Medium|Politics. Can Elizabeth Warren Fix Higher Education?  “What the public sees is rising tuition costs,” explains Judy Scott-Clayton, a professor of economics and education at Columbia Teachers College. “If tuition is going up every year, how can it be that institutions actually have fewer resources? The answer is that states have been systematically investing less in higher ed per student than they were 20 to 30 years ago.” This divestment has resulted in a tuition spike as schools raise their prices to recuperate some of the money lost.

National Center for Teacher Residencies. NCTR, Mississippi to Develop the Nation’s First State-Operated Teacher Residency   The National Center for Teacher Residencies has received a $649,366 grant from the W.K. Kellogg Foundation to support the Mississippi Department of Education in the development of the nation’s first state-run teacher residency.

U.S. News & World Report. Illinois Lawmakers to Consider New Teacher Testing Methods   Two bills are pending in the Illinois General Assembly that would pause or permanently eliminate a basic skills test for new teachers that some officials say has contributed to a statewide shortage of educators

Washington Post.
1) California is overhauling sex education guidance for schools — and religious conservatives don’t like it   Tony Thurmond, the state’s newly elected education secretary, said teachers will have to undergo training to learn how to present the material in class.
2) Kindergarten teacher: ‘Why our youngest learners are doomed right out of the gate’ — and a road map to fix it  I would like to borrow a profoundly important document from brilliant teacher, child specialist and pre-eminent teacher trainer, Jean Feldman. I believe that when we adhere to the Kindergarten Bill of Rights…we will no longer hear that our youngsters are disinterested, hating kindergarten, acting out and “failing” because they are not yet reading.

 

NEW YORK STATE
NYSATE/NYACTE. 2019 Annual Fall Conference Saratoga Springs, October 16-18 [Proposals due May 15] 

NYSED Board of Regents. May Meetings
P-12 Education/Higher Education Joint Meeting
Classroom Academy – A Teacher Residency Program Update Presentation on the Teacher Residency Program in Queensbury, New York.

Higher Education
Proposed Amendment to Sections 52.21 of the Regulations of the Commissioner of Education Relating to the Requirements for Transitional D Programs that Lead to School District Leader Certification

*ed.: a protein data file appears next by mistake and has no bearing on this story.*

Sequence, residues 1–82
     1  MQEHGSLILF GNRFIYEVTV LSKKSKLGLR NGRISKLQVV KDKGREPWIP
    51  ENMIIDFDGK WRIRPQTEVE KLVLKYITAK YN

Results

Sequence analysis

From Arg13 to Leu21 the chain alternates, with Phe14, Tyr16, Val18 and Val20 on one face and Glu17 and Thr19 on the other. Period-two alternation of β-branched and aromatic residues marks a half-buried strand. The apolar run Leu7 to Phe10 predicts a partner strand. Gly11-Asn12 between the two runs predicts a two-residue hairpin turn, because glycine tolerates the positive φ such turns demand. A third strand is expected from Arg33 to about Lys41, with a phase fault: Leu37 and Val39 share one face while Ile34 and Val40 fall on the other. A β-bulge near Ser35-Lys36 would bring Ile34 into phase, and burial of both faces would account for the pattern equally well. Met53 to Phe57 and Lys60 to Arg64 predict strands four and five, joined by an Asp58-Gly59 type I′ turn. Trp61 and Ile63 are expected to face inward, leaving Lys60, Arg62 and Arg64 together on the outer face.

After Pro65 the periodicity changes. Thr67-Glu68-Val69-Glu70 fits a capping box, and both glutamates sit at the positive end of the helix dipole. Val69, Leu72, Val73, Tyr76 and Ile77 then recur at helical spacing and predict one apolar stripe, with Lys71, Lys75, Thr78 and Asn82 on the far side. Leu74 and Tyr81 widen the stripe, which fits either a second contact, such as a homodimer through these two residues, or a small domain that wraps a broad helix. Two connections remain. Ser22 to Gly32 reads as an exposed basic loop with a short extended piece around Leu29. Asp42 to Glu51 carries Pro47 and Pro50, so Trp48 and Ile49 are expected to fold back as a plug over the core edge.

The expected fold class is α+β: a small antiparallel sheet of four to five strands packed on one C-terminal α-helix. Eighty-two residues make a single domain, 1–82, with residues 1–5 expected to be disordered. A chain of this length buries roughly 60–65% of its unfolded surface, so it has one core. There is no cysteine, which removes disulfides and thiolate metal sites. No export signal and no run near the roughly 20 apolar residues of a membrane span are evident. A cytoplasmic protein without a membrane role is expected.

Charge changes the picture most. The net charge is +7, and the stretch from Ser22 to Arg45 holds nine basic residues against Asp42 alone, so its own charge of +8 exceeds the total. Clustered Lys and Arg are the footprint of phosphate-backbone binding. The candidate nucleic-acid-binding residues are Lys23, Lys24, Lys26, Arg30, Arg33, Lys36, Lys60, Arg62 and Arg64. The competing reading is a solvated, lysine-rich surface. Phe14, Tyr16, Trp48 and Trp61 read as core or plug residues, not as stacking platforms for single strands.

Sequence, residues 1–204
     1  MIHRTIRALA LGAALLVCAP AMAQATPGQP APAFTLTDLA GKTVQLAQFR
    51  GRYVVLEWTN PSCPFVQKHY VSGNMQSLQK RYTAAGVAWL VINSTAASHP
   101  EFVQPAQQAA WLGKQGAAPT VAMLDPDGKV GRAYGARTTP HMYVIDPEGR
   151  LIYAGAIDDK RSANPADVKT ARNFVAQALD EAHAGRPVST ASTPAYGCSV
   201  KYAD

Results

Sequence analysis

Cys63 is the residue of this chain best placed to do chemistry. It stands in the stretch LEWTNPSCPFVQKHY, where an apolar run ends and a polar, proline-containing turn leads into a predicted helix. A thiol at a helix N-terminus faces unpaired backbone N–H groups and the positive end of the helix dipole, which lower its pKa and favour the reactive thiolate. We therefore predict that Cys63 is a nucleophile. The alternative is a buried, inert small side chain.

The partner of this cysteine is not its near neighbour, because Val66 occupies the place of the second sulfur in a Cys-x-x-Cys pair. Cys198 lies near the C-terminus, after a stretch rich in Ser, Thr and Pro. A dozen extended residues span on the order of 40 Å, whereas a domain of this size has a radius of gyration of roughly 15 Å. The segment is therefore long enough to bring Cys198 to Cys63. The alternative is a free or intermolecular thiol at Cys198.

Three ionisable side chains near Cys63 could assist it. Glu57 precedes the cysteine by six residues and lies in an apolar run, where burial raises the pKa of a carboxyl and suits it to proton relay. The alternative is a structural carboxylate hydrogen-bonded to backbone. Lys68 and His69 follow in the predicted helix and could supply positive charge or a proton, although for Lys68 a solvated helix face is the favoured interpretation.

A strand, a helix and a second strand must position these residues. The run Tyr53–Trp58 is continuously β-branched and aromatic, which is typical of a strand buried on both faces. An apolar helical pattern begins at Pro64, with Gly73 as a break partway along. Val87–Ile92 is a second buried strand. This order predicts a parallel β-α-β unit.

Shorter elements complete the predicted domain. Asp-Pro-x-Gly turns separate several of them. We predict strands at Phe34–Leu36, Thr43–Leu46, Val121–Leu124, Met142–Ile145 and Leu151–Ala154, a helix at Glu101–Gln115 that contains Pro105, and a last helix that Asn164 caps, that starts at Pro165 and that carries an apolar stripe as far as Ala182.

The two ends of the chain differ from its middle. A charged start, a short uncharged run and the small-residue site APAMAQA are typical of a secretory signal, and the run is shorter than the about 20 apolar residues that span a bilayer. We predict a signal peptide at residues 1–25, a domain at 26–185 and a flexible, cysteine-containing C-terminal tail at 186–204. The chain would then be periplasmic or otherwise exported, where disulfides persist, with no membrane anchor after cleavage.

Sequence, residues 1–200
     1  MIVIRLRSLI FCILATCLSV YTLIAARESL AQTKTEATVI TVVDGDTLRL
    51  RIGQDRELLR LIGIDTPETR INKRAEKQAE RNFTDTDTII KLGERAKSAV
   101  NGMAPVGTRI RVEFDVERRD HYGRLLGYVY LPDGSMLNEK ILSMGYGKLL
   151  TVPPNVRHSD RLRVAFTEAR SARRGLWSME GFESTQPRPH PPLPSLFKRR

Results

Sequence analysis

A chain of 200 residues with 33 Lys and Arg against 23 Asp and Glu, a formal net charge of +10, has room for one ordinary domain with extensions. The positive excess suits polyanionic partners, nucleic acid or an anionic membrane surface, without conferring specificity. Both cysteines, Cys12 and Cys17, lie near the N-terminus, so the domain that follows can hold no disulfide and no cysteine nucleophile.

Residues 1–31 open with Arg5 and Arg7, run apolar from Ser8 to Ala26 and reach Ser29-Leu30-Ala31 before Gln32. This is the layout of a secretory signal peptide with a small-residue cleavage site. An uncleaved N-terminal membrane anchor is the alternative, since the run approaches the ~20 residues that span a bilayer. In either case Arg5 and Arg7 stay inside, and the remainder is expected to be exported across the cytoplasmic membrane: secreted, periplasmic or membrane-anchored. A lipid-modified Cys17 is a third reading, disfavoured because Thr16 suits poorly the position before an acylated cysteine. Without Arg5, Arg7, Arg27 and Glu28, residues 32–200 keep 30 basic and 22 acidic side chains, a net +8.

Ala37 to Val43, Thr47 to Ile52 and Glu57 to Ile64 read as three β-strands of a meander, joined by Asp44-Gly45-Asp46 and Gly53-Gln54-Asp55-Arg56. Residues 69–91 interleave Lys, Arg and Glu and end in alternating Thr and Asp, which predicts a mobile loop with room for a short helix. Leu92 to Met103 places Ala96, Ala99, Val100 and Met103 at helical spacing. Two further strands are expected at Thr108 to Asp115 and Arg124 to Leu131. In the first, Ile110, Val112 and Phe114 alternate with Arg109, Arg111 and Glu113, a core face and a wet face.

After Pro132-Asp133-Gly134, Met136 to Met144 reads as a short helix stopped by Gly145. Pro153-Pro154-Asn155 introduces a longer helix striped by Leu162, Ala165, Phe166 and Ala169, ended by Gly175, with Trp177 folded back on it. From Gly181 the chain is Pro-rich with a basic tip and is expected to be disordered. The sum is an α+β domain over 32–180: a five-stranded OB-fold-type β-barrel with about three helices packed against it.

Proposed Amendments to Section 80-6.1 of the Regulations of the Commissioner of Education Relating to Continuing Teacher and Leader Education (CTLE) for Educators in Nonpublic Schools
Proposed Amendment to Section 80-1.5 of the Regulations of the Commissioner of Education Relating to the Creation of Safety Nets for the Science Content Specialty Tests (CSTs)
Proposed Amendment to Section 80-5.17 of the Regulations of the Commissioner of Education Relating to the Conditional Initial Certificate Requirements

Definition of “University” in New York State

NYSED News. State Education Department Announces Recipients of 2019 Vice Chancellor Emerita Adelaide L. Sanford Scholarships   Also since 2016, NYSED awarded $9 million in Teacher Opportunity Corps II (TOC) grants to increase the participation rate of historically underrepresented and economically disadvantaged individuals in teaching careers. NYSED awarded grants to 16 colleges and universities…

Times Union. Schools struggle to find teachers for English language learners   The report maintains that a state requirement, which mandates that English language learners receive English as a new language instruction, has contributed to the shortage of qualified teachers. It concludes that incentives could be offered by school districts to encourage teachers to get dual-certification so they can fill this need.

 

NEW YORK CITY
Chalkbeat. I teach pre-K in NYC. My job is not babysitting. This is what I really do and why pay matters.   Entrieri seized the opportunity, completing her master’s and passing the certification exams required to continue teaching…But the process of becoming a teacher, she says, has left her with mountains of debt. And because her job doesn’t offer benefits, she is living paycheck-to-paycheck, forced to make tough choices about whether to pay back her student loans or purchase health insurance. 

Teaching Residents @ Teachers CollegeMay 2019 | Spring Edition Newsletter